I think this is a non-native blue spruce.

The air cooled as the sun was blocked out.

The sun was bright above the river valley where it has been logged on both sides.

The first log to hoik over. The tide was an incoming 7.0 feet.

It was time to get out and drag the boat upstream.

The paddle worked ok as a steadying stick.

Soon I pulled the boat onto a small gravel bar and continued walking up the stream using the phone’s MapMyTracks app to track the distance.

Looking back at the little boat on the bar.

The river bed was now fresh water and not muddy except near the shore.

Fall colors in calf deep water with a rising 7.7-foot incoming tide.

Logs to climb over.

No matter what the tide, a hike is required to get to these falls and being that the area is also logged, the public is probably not welcome above the valley.

A fernlike plant on a log.

Handholds helped climbing over this log.

A half-hour later the wind through the trees changed its character to more of a roar. Up ahead were the falls. I really had contemplated turning around several times by now.

Logs were everywhere as I waded a shallow route to an ‘island’ below the falls.

View to the right.

View to the left.

Here is a 360-degree video of the noise and the falls.

There were deep pools ahead and steep banks on either side. I figured this would be far enough.

A lower view

Here again is the old engraving from the Oregonian to compare.

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There might be a taller cataract above as it looks like the photographer crossed the pool to the green knoll on the left.

 

The panoramic view

These were taken with my little Sony waterproof camera as I couldn’t find the larger camera until I got back to the car. It had been caught in my waistband when it fell out of my shirt pocket while climbing the logs.

Something between a bird and a bear had left their fish meal here.

I scanned the area again wondering whether something bigger was watching me. I didn’t see anything and headed back. There was also a razor clam shell in the river which I figure some animal imported.

An unusual colony of fungi gave me a chance to rest on the way back.

The tide was still rising at 8.7 feet.

Now the water was more like knee deep plus in the middle.

The shore was thick with branches and rivulets which could have punctured my waders. The river route served ok except that several logs I had previously ducked under I now had to climb around or over.

Back after an hour. The boat would have drifted upstream had I not tied it to a log on the shore.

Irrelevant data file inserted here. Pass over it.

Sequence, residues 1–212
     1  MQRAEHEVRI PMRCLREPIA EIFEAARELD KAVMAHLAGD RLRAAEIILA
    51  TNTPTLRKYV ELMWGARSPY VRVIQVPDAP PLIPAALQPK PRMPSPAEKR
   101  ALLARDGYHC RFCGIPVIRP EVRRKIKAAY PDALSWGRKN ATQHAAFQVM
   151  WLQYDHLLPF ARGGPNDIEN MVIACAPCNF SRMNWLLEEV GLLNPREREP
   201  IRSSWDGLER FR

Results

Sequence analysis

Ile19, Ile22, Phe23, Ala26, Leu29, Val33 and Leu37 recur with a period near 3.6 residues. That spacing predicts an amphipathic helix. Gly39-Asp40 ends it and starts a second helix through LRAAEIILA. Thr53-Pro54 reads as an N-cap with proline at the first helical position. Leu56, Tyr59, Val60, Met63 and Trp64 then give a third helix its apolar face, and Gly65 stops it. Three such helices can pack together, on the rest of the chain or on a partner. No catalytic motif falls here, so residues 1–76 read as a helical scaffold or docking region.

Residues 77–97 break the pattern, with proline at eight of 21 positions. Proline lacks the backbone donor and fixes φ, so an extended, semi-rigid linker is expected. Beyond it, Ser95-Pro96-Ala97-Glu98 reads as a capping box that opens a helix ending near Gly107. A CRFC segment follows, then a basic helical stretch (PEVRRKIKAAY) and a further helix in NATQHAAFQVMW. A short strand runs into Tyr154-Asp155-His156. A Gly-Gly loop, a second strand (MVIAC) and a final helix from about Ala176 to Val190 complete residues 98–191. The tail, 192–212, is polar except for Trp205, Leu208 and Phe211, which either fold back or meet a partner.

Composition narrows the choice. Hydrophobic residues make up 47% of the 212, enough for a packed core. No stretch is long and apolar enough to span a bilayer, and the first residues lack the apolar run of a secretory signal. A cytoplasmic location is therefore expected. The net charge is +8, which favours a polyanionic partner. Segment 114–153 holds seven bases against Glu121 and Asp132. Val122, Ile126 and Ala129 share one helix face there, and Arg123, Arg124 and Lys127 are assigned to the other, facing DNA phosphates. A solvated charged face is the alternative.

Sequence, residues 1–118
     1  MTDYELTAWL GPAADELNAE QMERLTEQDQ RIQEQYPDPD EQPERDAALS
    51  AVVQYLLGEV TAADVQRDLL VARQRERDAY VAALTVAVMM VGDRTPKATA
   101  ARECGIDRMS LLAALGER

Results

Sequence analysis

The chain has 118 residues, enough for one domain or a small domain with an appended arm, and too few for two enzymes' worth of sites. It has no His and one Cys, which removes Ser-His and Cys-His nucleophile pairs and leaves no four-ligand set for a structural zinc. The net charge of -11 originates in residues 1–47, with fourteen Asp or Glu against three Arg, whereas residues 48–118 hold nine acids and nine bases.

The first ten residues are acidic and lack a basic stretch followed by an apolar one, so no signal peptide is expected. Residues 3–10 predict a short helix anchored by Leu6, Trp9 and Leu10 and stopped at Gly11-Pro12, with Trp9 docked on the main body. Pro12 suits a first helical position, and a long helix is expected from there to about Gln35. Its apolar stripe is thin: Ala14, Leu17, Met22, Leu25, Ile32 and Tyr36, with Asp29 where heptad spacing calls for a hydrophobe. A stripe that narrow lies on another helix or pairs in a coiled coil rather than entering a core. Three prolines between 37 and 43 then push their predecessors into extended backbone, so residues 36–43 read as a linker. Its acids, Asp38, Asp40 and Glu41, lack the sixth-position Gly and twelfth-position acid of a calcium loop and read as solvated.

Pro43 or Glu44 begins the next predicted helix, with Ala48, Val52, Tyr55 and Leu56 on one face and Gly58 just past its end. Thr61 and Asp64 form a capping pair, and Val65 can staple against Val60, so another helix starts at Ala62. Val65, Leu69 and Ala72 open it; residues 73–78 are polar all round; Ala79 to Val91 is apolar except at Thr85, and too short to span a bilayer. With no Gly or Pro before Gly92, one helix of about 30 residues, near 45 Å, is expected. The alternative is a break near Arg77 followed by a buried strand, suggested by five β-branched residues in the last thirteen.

I didn’t double check if the distance to this point matched on both the GPS devices. Since I had taken the phone to the falls and left the Garmin in the boat, the difference should equal the riverbed walk. The result was that the falls are a half mile walk from the blocking logs.

A wet knot

The earlier log obstructions were now underwater as I headed back.

Back over the beach where the birds had been feeding.

The headwind returned as I more slowly worked my down the river.

The boat landing ahead.

A bull was there to greet me when I returned.

Salty sea beans (salicornia). I picked a few as Skyler likes them.

At a 9.0 foot tide, the muddy beach was gone. A pair of tourists arrived on a heavily loaded motorcycle, but I was a bit too tired and unsure if I should be the local greeter. I could have had them sample the sea beans or sent them off the main road towards the picturesque Bay Center but we pretty much minded our own business.

A sign on their trunk declared they were headed from Argentina to Alaska.

Sea beans ready to garnish the evening’s salad.

As ‘forester’ said in his or her thread “it had better be the prettiest small falls you’ve ever seen to make it worth the effort.” Well, I think it was. Now my video is in the google search.  I don’t think it will prove destructive to a long-preserved secret. The loggers protect the top and to visit it is a rough hybrid paddle and hike that I just happened to hit right with the tides.

 

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The phone app with the extra mile walked.

The little car GPS I keep waterproofed.